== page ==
Best Reference Books – Fish Biology and Physiology

We have compiled the list of Top 10 Best Reference Books on Fish Biology and Physiology subject. These books are used by students of top universities, institutes and colleges. Here is the full list of top 10 best books on Fish Biology and Physiology along with reviews.

Kindly note that we have put a lot of effort into researching the best books on Fish Biology and Physiology subject and came out with a recommended list of top 10 best books. The table below contains the Name of these best books, their authors, publishers and an unbiased review of books on "Fish Biology and Physiology" as well as links to the Amazon website to directly purchase these books. As an Amazon Associate, we earn from qualifying purchases, but this does not impact our reviews, comparisons, and listing of these top books; the table serves as a ready reckoner list of these best books.

1. “Water Pollution and Fish Physiology” by Alan G Heath

“Water Pollution and Fish Physiology” Book Review: This book provides a concise synthesis of how toxic chemical pollutants affect physiological processes in teleost fish. This Second Edition of the well-received Water Pollution and Fish Physiology has been completely updated, and chapters have been added on immunology and acid toxicity. The emphasis, as in the first edition, is on understanding mechanisms of sublethal effects on fish and their responses to these environmental stressors. The first chapter covers the basic principles involved in understanding how fish respond, in general, to environmental alterations. Each subsequent chapter is devoted to a particular organ system or physiological function and begins with a short overview of normal physiology of that system/function. This is followed by a review of how various toxic chemicals may alter normal conditions in fish. Chapters covering environmental hypoxia, behavior, cellular enzymes, and acid toxicity are also included. The book closes with a discussion on the practical application of physiological and biochemical measurements of fish in water pollution control in research and regulatory settings.

2. “The Physiology of Fishes, Second Edition (CRC Marine Biology Series)” by David H Evans and James B Claiborne

“The Physiology of Fishes” Book Review: The fifth edition provides an important reference for new students of fish biology, marine and freshwater biologists, ichthyologists, fisheries scientists, and comparative physiologists.As in the bestselling first edition, The Physiology of Fishes, Second Edition is a comprehensive, state-of-the-art review of the major areas of research in modern fish physiology. This Second Edition is entirely revised, with 17 of the 18 chapters written by new authors. It also includes four entirely new chapters. it provides a comprehensive, accessible review of the core topics, integrating physiology with environmental science, ecology, evolution, and molecular cell biology. New chapters address Epigenetics, Biomechanics and Locomotion, and Behaviour and Learning. Each chapter contains an extensive bibliography, providing readers with the best sources from the primary literature.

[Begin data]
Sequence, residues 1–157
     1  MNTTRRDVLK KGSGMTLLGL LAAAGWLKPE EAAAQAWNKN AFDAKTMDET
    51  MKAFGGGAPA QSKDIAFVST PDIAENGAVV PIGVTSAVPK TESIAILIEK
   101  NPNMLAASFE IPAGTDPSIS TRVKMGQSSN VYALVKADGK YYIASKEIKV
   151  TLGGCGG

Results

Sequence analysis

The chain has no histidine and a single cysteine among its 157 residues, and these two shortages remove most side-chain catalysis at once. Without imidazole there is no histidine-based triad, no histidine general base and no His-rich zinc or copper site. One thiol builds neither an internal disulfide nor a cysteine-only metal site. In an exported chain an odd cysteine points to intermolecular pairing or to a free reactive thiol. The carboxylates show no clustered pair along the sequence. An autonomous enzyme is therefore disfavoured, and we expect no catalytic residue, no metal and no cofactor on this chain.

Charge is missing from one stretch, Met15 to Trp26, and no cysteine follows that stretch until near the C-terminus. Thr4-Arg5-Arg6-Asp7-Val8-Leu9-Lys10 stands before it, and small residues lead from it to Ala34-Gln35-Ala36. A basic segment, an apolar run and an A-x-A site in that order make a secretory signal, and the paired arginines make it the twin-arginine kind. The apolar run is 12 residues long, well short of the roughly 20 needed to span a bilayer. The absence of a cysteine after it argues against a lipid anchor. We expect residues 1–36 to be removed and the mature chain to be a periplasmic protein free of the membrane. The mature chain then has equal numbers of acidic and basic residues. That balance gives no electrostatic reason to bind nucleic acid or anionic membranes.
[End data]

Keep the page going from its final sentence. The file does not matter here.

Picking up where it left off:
3. “Physiology Of Fishes” by A N Shukla
4. “What a Fish Knows: The Inner Lives of Our Underwater Cousins” by Jonathan Balcombe

“What a Fish Knows” Book Review: What’s the truth behind the old adage that goldfish have a three-second memory? Do fishes think? Can they recognize the humans who peer back at them from above the surface of the water? Myth-busting biologist and animal behaviour expert Jonathan Balcombe takes us under the sea, through streams and estuaries to the other side of the aquarium glass to answer these questions and more. He upends our assumptions, revealing that fish are far from the unfeeling, dead-eyed feeding machines so many of us assume them to be. They are, in fact, sentient, aware, social and even Machiavellian – in other words, rather like us.What a Fish Knows draws on the latest science to present a fresh look at these remarkable creatures in all their breathtaking diversity and beauty. Teeming with insights and exciting discoveries, it offers a thoughtful appraisal of our relationships with fish and inspires us to take a more enlightened view of the planet’s increasingly imperilled marine life. What a Fish Knows will forever change how we see our aquatic cousins – the pet goldfish included.